The Step Wedge Design for a Multi-Story Building

Numerous advantages have been claimed for the step wedge trial design. While the design does have some methodological advantages over the ‘standard’ parallel cluster RCT with baseline observations (to be off-set against some disadvantages), the most widely cited rationale for the step wedge is logistical / political / ethical.[1] The design mimics what might naturally happen in non-trial practice where interventions must be phased under logistic constraints and where all eligible clusters might reasonably expect to receive the intervention.

Nevertheless, the step wedge design has been criticised on the grounds that a (non-randomised) adjustment must be made for any temporal trend and, as always, such an adjustment entails certain assumptions. To get around this problem, a hybrid design has been proposed to harvest the advantages of both methods:

This method also yields great precision.[2] However, this design incorporates a control group that does not receive the intervention (at least within the study timeframe), and hence it could be said to vitiate the promised rationale for the step wedge method.

Now, of course, the purpose behind a trial is to obtain information to inform future practice so the control group cluster should (eventually) receive the intervention. Intervention effects though are labile (some may say notoriously so) and have a tendency to fade with time, perhaps because of secular trends.[3] The upshot is that there are often great advantages to prolonged follow up. Enter the ‘two story’ step wedge design:

Such a design accommodates future rollout and also a point (I) for reflection to ensure that further expansion is propitious. It likely has attractive statistical features that will be examined by CLAHRC WM. Moreover, the first story might be a lot lower than the second, as in a certain type of Georgian house. It will not have passed the sagacious News Blog reader that such a study integrates a pilot study into a definitive study, following a pause for reflection (landing in the staircase!) to ensure that continuation is worthwhile – it enables the trial funder to exercise future options.[4]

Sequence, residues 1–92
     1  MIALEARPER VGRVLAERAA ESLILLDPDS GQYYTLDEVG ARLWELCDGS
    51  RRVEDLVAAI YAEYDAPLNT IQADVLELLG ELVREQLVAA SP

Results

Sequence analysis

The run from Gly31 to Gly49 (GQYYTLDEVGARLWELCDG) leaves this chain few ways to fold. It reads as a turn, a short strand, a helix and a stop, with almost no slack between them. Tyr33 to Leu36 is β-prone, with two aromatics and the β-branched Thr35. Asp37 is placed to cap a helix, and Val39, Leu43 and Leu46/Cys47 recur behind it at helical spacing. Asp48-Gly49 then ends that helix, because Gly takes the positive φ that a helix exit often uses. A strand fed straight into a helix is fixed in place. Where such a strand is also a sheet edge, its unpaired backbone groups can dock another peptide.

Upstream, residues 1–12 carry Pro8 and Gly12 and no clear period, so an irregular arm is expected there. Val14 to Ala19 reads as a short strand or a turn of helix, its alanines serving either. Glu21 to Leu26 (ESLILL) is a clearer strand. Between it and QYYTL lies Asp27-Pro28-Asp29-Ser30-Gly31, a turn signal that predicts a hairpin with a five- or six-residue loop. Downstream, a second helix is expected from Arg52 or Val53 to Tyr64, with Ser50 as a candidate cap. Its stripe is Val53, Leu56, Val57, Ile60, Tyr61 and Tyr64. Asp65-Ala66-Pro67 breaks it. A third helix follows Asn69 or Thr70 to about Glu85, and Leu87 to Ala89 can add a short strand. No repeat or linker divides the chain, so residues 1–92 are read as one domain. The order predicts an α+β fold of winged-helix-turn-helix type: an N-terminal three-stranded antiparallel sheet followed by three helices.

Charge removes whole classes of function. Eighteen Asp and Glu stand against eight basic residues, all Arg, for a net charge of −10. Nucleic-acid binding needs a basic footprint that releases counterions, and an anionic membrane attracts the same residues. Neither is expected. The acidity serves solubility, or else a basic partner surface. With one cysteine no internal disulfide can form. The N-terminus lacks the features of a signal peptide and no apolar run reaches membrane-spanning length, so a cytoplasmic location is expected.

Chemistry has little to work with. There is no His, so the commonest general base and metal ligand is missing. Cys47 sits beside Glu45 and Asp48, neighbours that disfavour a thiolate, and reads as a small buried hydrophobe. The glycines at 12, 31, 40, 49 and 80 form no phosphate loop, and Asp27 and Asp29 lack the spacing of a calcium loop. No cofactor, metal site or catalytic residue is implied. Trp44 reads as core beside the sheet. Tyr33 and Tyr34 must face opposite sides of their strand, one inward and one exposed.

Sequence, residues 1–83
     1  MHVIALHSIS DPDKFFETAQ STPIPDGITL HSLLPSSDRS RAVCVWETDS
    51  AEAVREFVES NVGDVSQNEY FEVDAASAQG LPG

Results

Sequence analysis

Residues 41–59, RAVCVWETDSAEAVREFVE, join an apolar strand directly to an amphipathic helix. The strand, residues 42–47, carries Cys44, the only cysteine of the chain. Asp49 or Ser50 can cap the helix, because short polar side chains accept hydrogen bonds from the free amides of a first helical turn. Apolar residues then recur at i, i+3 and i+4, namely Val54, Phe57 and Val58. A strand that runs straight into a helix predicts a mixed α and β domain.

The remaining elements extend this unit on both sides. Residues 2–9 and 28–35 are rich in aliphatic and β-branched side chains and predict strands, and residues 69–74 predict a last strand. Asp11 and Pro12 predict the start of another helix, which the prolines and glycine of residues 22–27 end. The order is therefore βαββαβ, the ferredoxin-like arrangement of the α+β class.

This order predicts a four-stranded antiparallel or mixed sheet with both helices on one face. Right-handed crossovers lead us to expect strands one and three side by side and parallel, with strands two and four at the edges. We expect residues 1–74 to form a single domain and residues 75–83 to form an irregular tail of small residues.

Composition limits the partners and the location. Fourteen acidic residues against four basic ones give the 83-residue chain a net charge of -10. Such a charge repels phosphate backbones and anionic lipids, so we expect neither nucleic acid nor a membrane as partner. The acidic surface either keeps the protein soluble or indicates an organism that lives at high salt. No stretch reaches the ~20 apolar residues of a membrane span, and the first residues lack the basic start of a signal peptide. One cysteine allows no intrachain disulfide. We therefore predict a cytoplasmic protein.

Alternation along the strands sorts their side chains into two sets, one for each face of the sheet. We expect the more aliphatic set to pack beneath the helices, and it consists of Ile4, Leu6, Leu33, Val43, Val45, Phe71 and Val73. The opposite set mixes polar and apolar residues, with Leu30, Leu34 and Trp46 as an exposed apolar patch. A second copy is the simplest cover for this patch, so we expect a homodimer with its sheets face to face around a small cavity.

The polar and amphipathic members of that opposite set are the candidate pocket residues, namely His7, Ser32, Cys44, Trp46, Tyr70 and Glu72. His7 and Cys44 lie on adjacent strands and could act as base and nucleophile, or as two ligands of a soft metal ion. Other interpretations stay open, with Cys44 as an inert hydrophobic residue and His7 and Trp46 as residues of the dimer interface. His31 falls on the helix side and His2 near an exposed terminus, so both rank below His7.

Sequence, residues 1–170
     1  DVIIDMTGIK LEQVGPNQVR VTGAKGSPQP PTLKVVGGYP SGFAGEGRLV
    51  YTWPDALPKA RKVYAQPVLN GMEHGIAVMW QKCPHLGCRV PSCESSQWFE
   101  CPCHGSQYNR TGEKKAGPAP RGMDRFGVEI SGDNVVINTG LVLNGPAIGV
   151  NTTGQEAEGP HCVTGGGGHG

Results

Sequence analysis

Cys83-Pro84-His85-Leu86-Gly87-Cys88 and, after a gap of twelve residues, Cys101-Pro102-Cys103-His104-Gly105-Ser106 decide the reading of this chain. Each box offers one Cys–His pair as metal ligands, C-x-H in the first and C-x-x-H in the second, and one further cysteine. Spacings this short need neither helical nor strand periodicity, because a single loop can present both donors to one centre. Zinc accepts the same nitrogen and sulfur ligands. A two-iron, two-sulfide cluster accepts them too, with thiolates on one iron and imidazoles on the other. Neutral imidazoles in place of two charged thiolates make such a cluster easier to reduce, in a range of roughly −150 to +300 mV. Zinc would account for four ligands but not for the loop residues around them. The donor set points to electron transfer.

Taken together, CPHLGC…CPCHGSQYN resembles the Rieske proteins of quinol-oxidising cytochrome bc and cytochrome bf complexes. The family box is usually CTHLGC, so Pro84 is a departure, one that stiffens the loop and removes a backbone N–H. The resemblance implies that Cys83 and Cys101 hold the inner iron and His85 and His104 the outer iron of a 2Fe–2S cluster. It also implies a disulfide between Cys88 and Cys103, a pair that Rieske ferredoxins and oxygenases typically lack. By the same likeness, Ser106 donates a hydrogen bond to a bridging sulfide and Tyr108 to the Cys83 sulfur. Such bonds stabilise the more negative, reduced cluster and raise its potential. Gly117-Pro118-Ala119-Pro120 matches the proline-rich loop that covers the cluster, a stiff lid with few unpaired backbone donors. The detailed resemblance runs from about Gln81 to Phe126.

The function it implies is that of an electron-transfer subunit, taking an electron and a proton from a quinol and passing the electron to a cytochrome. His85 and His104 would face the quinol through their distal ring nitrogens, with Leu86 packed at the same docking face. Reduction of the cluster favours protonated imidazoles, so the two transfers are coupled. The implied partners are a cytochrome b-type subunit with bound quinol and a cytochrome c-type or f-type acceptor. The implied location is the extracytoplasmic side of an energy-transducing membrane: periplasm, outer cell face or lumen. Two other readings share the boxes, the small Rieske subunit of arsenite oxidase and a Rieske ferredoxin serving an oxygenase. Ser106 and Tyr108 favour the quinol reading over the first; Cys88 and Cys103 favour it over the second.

— Richard Lilford, CLAHRC WM Director


  1. Hemming K, Haines TP, ChiltonPJ, Girling AJ, Lilford RJ. The stepped wedge cluster randomised trial: rationale, design, analysis, and reporting. BMJ. 2015; 350: h391.
  2. Hemming K, Lilford R, Girling AJ. Stepped-wedge cluster randomised controlled trials: a generic framework including parallel and multiple-level designs. Stat Med. 2015; 34(2): 181-96.
  3. Chen YF, Hemming K, Stevens AJ, Lilford RJ. Secular trends and evaluation of complex interventions: the rising tide phenomenon. BMJ Qual Saf. 2015. [ePub].
  4. Girling A, Lilford R, Cole A, Young T. Headroom Approach to Device Development: Current and Future Directions. Int J Technol Assess Health Care. 2015; 31(5): 331-8.

2 thoughts on “The Step Wedge Design for a Multi-Story Building”

  1. This might also be a good process for post licensing “place in therapy” studies for new pharmaceuticals. And more radically initial licensing could be “provisional” until place in therapy has been determined in real world conditions

Leave a Reply

Fill in your details below or click an icon to log in: Logo

You are commenting using your account. Log Out /  Change )

Google+ photo

You are commenting using your Google+ account. Log Out /  Change )

Twitter picture

You are commenting using your Twitter account. Log Out /  Change )

Facebook photo

You are commenting using your Facebook account. Log Out /  Change )


Connecting to %s